Lawrence Wiener 2007

All that dematerialization, in an attempt to lighten the load, to be free of the distortions of the burgeoning market place, and curators acting the part of the artist, finally became a huge burden to carry into the studio as a practitioner. It was weight itself. Such historical baggage to tote. It wasn’t cool to paint Pictures or make Sculptures of A something. And in that era along comes Richard Serra to make his great philosophical sculptures where the subject was Mass itself. How? Just think of his installation at the Oliver Ranch where Serra had constructed great blocks of steel, forged and compressed until they were so heavy a special foundation needed to be constructed so as they not sink into the earth and be swallowed up by gravity itself. Think about it……exactly!

As a college senior, the final art school class (1970) was called “New Media.” It was understood this was a Conceptual Art class. How was it shaped? You only had to bring in a proposal for challenging “the given”, of what was already understood. We submitted proposals for each week. We were not limited by any skill, material expense, or time constraint. Two of my “Process Art” proposals were “I will not go to the Vietnam War” (though I had a very low number, in the lottery, 12, and I was actively being pursued by my local draft board) and another process-art proposal, “I will have our coming child by natural childbirth” (though the doctors in charge were very against this).”Hey, boy, I have a 12:15 tee time, let’s get this show on the road—a pitossan drip and ether with a giant episiotomy will do the trick.” I did not go to Vietnam and our son Noah was the first natural child birth at DC’s Sibley Hospital. The stories of these 2 “Process Art” actions are elsewhere on this blog. Here are the links: These two stories are such a deep part who I became, they exist almost as a catechism.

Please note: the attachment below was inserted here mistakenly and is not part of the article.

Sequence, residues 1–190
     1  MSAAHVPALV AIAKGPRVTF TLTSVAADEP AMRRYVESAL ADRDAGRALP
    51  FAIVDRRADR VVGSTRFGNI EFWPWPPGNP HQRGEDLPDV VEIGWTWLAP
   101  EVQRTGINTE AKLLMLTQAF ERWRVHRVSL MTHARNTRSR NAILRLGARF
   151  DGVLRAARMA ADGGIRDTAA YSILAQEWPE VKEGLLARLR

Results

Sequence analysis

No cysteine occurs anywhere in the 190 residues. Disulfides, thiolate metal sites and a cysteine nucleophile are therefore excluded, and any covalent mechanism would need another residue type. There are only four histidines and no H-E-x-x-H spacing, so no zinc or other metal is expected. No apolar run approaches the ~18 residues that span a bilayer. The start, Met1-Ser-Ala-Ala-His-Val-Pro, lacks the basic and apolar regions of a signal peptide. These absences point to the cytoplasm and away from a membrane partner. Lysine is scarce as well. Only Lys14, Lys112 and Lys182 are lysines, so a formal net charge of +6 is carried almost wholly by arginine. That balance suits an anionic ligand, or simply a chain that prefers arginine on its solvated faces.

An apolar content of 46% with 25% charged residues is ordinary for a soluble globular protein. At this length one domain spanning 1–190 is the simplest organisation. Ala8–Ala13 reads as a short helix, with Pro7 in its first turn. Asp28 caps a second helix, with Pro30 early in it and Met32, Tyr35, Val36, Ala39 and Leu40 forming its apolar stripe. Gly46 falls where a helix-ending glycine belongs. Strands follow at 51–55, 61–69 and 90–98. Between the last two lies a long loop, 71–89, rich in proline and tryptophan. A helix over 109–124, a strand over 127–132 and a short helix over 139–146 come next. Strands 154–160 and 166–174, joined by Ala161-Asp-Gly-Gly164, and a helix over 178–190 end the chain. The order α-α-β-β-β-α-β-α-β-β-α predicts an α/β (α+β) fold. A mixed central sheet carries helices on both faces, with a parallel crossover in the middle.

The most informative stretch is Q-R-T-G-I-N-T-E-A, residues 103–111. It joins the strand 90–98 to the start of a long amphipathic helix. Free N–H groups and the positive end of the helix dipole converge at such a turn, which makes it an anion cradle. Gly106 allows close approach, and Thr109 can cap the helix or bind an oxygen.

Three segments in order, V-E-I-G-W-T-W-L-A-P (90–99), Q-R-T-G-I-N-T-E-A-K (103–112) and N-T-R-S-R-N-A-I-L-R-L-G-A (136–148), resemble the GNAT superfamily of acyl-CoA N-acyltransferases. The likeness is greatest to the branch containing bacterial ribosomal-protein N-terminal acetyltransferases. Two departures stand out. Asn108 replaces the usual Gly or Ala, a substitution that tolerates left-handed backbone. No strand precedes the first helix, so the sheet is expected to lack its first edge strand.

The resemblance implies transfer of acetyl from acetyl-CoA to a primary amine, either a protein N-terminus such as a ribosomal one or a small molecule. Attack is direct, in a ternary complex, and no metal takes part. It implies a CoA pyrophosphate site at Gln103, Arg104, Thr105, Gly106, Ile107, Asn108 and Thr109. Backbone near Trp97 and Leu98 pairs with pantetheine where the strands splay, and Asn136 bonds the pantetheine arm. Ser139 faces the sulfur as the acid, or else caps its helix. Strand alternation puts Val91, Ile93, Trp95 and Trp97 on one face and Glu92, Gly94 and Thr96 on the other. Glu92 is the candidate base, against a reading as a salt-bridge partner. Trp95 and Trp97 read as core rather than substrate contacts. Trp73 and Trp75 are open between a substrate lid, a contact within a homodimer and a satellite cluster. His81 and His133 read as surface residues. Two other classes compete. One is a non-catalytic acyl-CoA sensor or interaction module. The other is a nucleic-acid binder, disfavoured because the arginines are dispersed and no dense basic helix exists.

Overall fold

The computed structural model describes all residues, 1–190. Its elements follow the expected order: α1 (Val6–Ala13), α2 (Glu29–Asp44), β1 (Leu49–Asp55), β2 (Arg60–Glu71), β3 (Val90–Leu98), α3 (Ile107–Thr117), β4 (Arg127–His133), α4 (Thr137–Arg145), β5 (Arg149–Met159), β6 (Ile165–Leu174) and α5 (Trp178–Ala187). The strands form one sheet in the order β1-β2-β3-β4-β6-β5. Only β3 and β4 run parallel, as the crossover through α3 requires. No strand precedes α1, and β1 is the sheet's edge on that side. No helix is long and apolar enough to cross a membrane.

So Conceptual Art was made to “…affect sensitive areas of creation like authorship, originality, intertextuality, etc. that finally became fundamental areas of interest of the so-called digital or immaterial art.”…Janet Batet from the Blog ARTpulse. I wanted to make a piece to challenge notions of the curatorial Ivory Tower—of what could be seen as real art, testing the sensitive area of kitsch. I proposed in New Media to learn the fusty art of watercolor and make “paintings” of scenic beauty. Well I did make that “Painting” and learned the habit of picture making ever since, as this blog attests. And who doesn’t like a good story? I like telling stories, and stories with pictures, better yet—though verboten in my school days. And me and ol’ Maurice still like thinking about stuff. But, it’s been picture after picture ever since, and these days it’s picture inside picture.